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Local authorities and health bodies handed new permitted development right to deal with COVID-19 emergency

The Secretary of State for Housing, Communities and Local Government has introduced a new permitted development right for local authorities and certain health service bodies in England to carry out development with a view to tackling the coronavirus emergency.

The Town and Country Planning (General Permitted Development) (Coronavirus) (England) (Amendment) Order 2020 came into force at 10 am on 9 April 2020. 

Article 3 inserts a new Part 12A and permitted development right into Schedule 2 to the Town and Country Planning (General Permitted Development) (England) Order 2015 (“the GDPO”) (S.I. 2015/596).

This will allow local authorities and certain health service bodies to carry out development on land owned, leased, occupied or maintained by them for the purposes of—

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(a) preventing an emergency;

(b) reducing, controlling or mitigating the effects of an emergency; or

(c) taking other action in connection with an emergency.

For these purposes, an emergency is an event or situation which threatens serious damage to human welfare in a place in the United Kingdom.

The development permitted is subject to conditions which are also set out in the new Part 12A. This also outlines where development is not permitted by Class A.

The Explanatory Memorandum sets out that the amendment made by this instrument provides permitted development rights for development which could be used for the provision of additional temporary health and local authority facilities until 31 December 2020. Any extension of this period will require a further Statutory Instrument.

“Temporary permission until the end of 2020 allows sufficient time for the NHS and local authorities, who in the short term have to focus resources on their response to the spread of coronavirus, to determine their needs going forward and, if necessary, make an application for planning permission for longer term use which will be considered by the local planning authority in line with local and national policy,” the memorandum says.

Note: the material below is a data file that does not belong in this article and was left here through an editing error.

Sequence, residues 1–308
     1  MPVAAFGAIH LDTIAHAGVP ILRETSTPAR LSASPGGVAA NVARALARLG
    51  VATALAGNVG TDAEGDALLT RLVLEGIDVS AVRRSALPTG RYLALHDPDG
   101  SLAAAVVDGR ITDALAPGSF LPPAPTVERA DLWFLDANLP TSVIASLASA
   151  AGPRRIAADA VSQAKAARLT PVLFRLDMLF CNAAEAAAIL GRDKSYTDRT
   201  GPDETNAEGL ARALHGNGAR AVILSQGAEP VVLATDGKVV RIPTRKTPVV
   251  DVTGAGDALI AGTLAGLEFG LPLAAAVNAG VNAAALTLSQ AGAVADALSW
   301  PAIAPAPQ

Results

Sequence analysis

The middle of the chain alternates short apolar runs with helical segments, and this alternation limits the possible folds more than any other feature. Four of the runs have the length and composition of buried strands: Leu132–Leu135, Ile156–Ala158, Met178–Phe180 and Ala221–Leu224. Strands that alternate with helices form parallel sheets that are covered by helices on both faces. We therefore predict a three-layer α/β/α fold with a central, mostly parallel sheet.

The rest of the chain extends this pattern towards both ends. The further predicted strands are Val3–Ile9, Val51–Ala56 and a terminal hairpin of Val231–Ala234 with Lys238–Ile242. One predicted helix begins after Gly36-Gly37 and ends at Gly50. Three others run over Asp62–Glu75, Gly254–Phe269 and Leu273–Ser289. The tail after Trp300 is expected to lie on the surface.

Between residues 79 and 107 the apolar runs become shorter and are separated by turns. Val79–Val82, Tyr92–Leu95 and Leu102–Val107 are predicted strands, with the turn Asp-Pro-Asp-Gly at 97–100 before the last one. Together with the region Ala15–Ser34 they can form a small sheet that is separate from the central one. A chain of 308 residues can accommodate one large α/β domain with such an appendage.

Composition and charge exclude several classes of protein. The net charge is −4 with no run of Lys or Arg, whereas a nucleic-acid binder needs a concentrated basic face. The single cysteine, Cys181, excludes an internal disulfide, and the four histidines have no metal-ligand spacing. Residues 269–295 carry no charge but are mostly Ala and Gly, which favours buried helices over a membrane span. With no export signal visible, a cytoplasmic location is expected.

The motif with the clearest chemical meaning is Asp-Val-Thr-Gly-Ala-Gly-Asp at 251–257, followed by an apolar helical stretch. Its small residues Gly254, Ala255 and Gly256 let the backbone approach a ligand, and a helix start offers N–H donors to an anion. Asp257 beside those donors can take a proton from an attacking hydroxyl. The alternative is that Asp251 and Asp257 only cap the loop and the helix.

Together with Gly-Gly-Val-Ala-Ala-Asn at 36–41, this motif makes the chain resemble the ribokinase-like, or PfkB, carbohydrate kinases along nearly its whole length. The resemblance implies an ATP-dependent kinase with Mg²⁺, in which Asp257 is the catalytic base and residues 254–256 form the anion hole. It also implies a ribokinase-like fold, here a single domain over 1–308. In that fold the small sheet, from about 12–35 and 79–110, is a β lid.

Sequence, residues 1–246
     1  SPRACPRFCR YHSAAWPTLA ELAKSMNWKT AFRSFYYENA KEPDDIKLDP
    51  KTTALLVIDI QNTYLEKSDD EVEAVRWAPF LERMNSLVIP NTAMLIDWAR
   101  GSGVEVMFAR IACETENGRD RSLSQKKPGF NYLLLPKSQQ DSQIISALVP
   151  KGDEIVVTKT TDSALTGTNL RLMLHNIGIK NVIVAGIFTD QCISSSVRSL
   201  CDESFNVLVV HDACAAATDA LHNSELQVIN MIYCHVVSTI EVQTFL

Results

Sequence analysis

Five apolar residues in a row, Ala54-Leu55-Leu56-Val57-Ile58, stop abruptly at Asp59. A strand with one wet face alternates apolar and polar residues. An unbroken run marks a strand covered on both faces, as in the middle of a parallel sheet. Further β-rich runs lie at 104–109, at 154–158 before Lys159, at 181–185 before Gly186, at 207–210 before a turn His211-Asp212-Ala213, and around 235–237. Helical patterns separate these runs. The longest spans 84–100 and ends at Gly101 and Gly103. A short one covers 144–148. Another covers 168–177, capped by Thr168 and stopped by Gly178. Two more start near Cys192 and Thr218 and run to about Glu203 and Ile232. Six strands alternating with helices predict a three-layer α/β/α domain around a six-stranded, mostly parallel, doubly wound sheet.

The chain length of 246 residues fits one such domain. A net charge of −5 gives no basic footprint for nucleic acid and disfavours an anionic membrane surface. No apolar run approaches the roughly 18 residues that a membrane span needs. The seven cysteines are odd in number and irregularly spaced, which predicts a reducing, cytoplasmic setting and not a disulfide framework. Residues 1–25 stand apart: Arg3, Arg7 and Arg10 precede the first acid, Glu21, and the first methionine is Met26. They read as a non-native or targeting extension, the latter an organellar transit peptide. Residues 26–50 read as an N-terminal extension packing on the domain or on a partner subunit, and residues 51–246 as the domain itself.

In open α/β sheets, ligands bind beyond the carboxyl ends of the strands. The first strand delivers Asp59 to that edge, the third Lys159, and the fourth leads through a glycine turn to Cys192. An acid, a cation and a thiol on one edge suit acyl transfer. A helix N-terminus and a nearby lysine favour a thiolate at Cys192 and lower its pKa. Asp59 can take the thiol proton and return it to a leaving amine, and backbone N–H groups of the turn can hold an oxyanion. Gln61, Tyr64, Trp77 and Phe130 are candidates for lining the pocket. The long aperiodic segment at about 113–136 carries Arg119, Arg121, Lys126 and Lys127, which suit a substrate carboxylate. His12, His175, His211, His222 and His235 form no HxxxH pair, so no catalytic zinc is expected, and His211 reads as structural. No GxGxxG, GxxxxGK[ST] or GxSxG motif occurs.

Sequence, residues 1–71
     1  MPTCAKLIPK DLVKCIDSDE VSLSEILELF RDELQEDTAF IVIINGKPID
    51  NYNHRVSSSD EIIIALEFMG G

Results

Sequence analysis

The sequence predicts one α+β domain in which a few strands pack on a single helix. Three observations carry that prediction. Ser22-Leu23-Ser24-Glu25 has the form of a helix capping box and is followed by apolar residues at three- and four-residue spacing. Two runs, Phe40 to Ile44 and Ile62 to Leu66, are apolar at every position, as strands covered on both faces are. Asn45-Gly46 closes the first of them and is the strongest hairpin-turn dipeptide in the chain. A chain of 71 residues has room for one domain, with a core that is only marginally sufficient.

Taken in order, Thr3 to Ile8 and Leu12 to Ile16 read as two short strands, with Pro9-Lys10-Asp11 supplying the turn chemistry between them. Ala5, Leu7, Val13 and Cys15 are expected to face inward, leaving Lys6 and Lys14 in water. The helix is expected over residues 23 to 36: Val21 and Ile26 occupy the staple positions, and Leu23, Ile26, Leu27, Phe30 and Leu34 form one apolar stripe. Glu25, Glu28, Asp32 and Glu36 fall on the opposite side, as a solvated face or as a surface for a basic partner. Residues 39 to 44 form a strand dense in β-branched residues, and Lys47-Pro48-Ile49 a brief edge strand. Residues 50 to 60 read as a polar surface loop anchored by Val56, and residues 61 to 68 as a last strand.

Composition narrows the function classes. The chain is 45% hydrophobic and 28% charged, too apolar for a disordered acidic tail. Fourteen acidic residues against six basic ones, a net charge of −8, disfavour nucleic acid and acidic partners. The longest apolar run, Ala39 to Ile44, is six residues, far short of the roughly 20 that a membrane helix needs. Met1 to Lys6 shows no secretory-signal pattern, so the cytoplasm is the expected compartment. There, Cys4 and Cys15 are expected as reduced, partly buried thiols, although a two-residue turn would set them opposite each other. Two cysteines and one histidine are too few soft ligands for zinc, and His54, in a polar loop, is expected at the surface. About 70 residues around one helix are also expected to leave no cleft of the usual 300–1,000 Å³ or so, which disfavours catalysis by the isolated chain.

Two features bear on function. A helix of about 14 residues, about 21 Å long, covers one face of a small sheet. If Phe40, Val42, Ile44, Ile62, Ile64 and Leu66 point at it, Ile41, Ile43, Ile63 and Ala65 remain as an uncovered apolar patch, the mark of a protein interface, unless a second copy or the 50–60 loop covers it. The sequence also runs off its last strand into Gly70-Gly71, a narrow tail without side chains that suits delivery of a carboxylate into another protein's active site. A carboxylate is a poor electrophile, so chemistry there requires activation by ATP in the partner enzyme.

It adds: “The country is undergoing a time of critical challenge for its health and care services in responding to the spread of coronavirus. To enable local councils and health service bodies to respond and provide facilities to limit its spread, treat, test, care for and manage the recovery of an extremely high number of patients and to provide additional mortuary facilities where necessary a new time-limited national permitted development right is being introduced.

“This right recognises that the detail of any development required will not necessarily be known in advance and as such provides a broad right that recognises the emergency nature of the responses required. The right will enable development including, but not limited to, the change of use of existing premises; erection of temporary buildings, structures, plant and machinery; vehicle parking and storage space.”

The explanatory memorandum says that the right also recognises that both local authorities and health service bodies are accountable public bodies who will make choices in terms of the location and nature of any new facilities that are both necessary and proportionate in the public interest.

“As publicly accountable bodies, they are expected to make reasonable judgement as to the benefits and impact of development in particular locations for the provision of additional facilities.”

For Wales, the relevant statutory instrument made by the Welsh Ministers was The Town and Country Planning (General Permitted Development) (Amendment) (Wales) Order 2020. This came into effect on 30 March.

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